What I really think: The friend drama will make this enticing to middle grade readers, even though the story about the sister being ill makes this one a bit slow. I can see this being a great choice for elementary students interested in "reading up".

Saturday, December 01, 2018

Fab 4 Mania

34445194Tyler, Carol. Fab 4 Mania
June 6th 2018 by Fantagraphics
Public library copy

Set in 1965, this large format graphic novel follows a young girl through the stages of her obsession with the Beatles. From their appearance on the Ed Sullivan show in 1965 until their concert at Cominsky Park, we follow the ups and downs of school, home life, and music. There are so many wonderful things mentioned-- her brand new Catholic school with its aqua and white tile walls, her reactions to the week after Kennedy was shot, getting a dress for graduation, and all the little details of what it was like to be alive when the Beatles were producing music and new songs were coming out frequently. There are lots of pictures, which help make the 1960s very vivid, especially pages where the different radios everyone has are pictured, or details of summer vacation are drawn. The end of the book is a fantastic description of what it was like to see the Beatles in concert in person.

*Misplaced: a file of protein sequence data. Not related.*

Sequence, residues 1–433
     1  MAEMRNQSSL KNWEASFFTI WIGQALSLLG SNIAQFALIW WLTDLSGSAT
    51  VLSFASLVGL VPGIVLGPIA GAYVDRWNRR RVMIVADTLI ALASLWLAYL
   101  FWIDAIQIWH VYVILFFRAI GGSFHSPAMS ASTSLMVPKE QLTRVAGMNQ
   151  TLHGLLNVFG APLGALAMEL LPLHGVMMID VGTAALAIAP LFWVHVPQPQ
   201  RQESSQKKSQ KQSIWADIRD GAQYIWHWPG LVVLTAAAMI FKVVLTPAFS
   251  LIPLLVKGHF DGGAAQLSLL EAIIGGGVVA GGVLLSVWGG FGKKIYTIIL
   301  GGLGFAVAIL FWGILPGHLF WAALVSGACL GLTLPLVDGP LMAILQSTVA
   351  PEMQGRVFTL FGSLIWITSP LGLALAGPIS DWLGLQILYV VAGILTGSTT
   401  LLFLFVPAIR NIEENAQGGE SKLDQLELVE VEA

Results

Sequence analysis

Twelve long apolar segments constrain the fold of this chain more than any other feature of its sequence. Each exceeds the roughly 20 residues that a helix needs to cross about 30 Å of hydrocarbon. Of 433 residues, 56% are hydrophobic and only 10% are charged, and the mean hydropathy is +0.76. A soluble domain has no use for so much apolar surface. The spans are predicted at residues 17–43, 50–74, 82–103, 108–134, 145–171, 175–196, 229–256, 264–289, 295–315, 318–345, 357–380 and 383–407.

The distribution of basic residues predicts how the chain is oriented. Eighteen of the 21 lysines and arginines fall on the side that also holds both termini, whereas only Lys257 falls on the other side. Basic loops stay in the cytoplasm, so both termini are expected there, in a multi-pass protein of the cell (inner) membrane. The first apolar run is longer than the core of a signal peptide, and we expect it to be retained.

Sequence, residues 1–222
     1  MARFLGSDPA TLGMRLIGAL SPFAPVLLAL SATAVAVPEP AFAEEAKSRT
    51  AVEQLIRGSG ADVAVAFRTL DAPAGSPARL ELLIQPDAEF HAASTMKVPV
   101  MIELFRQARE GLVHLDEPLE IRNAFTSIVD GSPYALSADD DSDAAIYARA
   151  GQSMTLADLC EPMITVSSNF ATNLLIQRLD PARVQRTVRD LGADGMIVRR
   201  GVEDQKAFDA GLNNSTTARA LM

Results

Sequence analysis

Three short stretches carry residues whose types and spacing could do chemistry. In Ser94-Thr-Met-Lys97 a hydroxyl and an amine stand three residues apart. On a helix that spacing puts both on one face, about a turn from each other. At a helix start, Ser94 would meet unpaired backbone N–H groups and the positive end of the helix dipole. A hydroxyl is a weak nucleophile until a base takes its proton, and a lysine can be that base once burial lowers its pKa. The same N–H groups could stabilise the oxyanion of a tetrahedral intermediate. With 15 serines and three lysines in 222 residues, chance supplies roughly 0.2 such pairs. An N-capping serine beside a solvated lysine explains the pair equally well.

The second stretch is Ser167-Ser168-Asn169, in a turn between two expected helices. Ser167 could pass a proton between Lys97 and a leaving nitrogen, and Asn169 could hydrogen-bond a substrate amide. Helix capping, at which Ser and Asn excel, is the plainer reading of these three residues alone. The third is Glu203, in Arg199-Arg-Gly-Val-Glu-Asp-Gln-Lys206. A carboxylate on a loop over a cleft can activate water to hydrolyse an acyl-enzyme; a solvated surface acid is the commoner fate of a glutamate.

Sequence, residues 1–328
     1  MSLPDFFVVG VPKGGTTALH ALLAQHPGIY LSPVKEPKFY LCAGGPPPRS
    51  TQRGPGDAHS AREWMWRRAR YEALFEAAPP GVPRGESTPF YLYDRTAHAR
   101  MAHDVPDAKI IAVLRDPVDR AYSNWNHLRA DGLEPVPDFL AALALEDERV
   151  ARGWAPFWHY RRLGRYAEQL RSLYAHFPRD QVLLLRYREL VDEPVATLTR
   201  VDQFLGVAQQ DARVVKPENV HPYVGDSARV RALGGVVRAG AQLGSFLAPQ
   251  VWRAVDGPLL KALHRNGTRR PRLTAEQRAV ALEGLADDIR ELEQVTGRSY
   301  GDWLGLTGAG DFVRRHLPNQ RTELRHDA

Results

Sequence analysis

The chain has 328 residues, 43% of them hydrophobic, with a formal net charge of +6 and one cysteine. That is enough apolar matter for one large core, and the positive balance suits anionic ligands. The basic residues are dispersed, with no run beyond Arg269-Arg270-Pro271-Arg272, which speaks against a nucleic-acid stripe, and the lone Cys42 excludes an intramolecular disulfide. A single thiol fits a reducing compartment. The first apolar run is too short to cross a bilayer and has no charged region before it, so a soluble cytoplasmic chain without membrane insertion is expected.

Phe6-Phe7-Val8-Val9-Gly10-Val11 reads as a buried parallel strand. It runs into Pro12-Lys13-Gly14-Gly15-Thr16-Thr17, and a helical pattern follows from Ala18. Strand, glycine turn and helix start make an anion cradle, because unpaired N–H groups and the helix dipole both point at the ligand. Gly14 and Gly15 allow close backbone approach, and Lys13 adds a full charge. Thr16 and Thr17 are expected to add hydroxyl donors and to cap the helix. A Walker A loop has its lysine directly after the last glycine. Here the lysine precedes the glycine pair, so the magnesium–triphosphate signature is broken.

Strengths: This had so many wonderful details about daily life in the 1960s, and is based off the author's own diaries from the time. It is a fantastic cultural resource, and will remind Baby Boomers why they fell in love with this musical group. There are still an inordinate amount of middle school students who know who the Beatles are, which never ceases to amaze me, and I can see them picking this book up.
Weaknesses: The paperback is $26 from Follett. This is a very long book, and the hand writing style font made this a bit slow going. If I could buy this in prebind, I'd invest in this, since we have a 1960s unit that the 7th graders do.
What I really think: I'm going to have to pass on purchasing because of format and cost, but this was fascinating. I have two copies of Ann Hood's She Loves You, Yeah, Yeah, Yeah that I will give to students instead. 
Ms. Yingling